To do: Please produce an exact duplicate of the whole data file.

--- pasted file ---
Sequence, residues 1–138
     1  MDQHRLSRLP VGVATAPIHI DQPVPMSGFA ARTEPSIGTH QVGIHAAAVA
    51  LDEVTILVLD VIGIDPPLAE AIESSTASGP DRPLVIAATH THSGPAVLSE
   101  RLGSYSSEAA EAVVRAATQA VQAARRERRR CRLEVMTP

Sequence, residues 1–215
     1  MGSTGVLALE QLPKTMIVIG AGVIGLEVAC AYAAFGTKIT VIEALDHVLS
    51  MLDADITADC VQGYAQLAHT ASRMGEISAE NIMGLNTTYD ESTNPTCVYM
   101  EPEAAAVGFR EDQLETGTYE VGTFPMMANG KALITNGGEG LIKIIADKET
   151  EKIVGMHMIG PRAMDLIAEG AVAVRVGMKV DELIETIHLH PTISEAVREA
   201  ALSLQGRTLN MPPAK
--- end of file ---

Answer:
Sequence, residues 1–138
     1  MDQHRLSRLP VGVATAPIHI DQPVPMSGFA ARTEPSIGTH QVGIHAAAVA
    51  LDEVTILVLD VIGIDPPLAE AIESSTASGP DRPLVIAATH THSGPAVLSE
   101  RLGSYSSEAA EAVVRAATQA VQAARRERRR CRLEVMTP

Sequence, residues 1–215
     1  MGSTGVLALE QLPKTMIVIG AGVIGLEVAC AYAAFGTKIT VIEALDHVLS
    51  MLDADITADC VQGYAQLAHT ASRMGEISAE NIMGLNTTYD ESTNPTCVYM
   101  EPEAAAVGFR EDQLETGTYE VGTFPMMANG KALITNGGEG LIKIIADKET
   151  EKIVGMHMIG PRAMDLIAEG AVAVRVGMKV DELIETIHLH PTISEAVREA
   201  ALSLQGRTLN MPPAK